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Year-round residents of the Hamptons have long called the day after Labor Day Tumbleweed Tuesday. More sweet than bitter for them, it is the day when parking spaces become available for dry-cleaning and hardwarestore pickups. Anxious crowds interested in the $79-a-pound lobster salad at Citarella dissipate. Impossible reservations at the buzziest restaurants become available before 10 p.m.
And traffic becomes almost reasonable. “My favorite thing used to be watching the traffic leaving for New York on Sundays,” said Nancy Kane, a Southampton native who writes about Hamptons realty and notes that rentals are bleeding into January this year. “I would just sit on Main Street with a big bag of candy and laugh.” But on the Tuesday after Labor Day, I noticed no such easing up at Jean-Georges in Bridgehampton. Not-so-sparsely-spaced diners on the white-columned wraparound porch of the Topping Rose House hotel were swooning over the sea bass and grilled lobster (to a soundtrack of crickets and plenty of nearby traffic) and seemed happy as, well, local clams.
And why not? They weren’t back home in the city and likely weren’t going back. Instead, they were looking forward to enjoying the new tidal surge in fall activities from dining and shopping to art viewing, all blasting more oxygen into what had mostly been a seasonal summer-resort area. It has in recent years been morphing into a year-round region with a fall film festival and more private schools serving affluent work-at-home families, but this year the Hamptons season is extending into the fall and even the winter. For months, New Yorkers have been eschewing the city for outdoor activities, airy homes, and cars they don’t have to share. It’s no wonder that the other services and amenities they enjoy in the city have also moved out here.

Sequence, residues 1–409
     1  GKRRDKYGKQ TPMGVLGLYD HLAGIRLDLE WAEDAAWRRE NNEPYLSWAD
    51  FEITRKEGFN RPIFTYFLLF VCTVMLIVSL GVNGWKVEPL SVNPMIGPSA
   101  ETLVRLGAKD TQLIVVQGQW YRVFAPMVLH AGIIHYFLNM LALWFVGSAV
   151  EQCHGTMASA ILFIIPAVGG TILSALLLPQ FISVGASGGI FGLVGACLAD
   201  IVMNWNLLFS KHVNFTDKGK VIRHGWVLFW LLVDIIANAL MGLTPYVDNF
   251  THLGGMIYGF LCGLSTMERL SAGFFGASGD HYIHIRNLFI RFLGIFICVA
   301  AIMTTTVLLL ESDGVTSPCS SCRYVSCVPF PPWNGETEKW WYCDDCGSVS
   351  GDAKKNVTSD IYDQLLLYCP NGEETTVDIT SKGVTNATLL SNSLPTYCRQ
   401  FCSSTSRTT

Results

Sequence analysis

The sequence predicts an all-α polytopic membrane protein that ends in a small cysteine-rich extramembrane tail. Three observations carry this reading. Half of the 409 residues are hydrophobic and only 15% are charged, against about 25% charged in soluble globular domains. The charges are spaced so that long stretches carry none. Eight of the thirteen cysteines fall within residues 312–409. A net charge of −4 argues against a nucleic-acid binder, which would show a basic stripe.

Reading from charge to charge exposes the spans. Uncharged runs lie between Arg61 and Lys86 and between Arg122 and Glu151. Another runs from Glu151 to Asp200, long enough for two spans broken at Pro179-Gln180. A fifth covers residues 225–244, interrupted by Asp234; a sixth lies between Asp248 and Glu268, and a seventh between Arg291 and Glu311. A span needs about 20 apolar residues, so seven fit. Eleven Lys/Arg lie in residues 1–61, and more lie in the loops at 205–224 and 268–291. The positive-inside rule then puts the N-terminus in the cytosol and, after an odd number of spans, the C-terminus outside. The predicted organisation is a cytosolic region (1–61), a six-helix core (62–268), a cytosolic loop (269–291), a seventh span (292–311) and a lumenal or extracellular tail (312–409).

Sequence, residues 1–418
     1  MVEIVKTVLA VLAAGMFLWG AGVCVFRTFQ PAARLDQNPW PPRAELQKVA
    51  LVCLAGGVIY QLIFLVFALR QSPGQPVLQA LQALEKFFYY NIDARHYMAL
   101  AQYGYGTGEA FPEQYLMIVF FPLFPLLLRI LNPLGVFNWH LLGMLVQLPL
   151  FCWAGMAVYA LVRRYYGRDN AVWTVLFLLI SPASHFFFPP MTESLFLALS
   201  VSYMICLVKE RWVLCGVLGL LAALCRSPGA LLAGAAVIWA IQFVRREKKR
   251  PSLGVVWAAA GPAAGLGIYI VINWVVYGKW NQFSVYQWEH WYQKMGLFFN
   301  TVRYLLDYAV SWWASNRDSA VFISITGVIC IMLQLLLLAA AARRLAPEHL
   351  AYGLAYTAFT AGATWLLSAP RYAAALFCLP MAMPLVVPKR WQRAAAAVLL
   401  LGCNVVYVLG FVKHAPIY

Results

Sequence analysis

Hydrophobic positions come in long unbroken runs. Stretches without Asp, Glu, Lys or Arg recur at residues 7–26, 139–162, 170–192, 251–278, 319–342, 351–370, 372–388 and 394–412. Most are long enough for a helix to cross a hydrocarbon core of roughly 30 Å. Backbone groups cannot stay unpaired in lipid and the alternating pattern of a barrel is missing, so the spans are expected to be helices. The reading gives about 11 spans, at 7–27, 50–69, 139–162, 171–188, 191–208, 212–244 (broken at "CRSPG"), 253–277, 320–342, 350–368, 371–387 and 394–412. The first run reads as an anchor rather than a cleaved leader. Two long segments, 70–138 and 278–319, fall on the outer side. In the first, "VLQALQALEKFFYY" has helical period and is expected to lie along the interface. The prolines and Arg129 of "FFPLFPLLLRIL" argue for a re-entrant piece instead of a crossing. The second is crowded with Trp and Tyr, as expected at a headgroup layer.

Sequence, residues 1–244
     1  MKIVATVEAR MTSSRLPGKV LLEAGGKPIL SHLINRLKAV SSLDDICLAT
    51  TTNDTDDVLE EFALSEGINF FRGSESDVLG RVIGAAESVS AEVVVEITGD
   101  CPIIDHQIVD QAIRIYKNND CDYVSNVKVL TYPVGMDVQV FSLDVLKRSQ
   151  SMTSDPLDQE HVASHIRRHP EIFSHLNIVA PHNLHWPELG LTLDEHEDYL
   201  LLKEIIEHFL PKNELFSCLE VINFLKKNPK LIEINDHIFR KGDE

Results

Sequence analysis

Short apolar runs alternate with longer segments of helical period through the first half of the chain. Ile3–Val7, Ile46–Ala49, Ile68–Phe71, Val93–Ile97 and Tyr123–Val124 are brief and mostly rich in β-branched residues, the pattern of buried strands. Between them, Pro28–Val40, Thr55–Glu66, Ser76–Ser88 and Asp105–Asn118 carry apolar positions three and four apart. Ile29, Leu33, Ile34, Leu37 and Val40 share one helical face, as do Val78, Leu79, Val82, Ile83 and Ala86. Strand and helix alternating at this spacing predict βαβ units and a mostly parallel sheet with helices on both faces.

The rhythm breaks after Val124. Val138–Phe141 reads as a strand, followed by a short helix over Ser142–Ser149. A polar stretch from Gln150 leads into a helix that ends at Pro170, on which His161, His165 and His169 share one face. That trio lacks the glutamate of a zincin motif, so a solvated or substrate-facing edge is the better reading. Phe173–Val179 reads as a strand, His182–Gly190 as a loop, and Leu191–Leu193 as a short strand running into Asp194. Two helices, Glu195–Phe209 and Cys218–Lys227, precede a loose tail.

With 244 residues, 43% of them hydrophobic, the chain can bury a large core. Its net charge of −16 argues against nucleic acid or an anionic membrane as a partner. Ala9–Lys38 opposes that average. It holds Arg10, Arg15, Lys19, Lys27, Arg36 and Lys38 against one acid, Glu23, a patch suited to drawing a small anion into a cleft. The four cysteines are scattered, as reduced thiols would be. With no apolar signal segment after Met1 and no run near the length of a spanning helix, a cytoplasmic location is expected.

Out-of-town guests, according to the Topping Rose House’s general manager, would be filling the hotel’s minimalist rooms for months ahead. Even the property’s celebrity trainers, who rival SoulCycle gurus, have signed on to lead outdoor yoga classes straight into heat-lamp season.
“These days when I pick up my cell phone I just say, ‘Topping Rose reservations,’” said Christine Wächter-Campbell, one of the hotel’s owners and a Chelsea gallerist. “Getting a table for dinner is a challenge right now, but people have been so unusually grateful and patient.”
She thinks that the famously imperious population here has had a disposition upgrade after a summer of the worst health disaster to hit the country in a hundred years. “People out here got a reality check that being able to eat out or stay in a hotel is a privilege not to be taken for granted,” she continued.
The Hamptons, in fact, have made all kinds of adjustments around the pandemic, not just in mood but also in optimizing possibilities, including a first-time fall issue of Hamptons magazine (“Just in time for pumpkins and sweater weather,” writes its publisher). Of course, the changes that are making the area appealing beyond beach season aren’t for everyone. But while they may be a bummer for traffic haters, they are helping proprietors make up for the loss of income from last spring.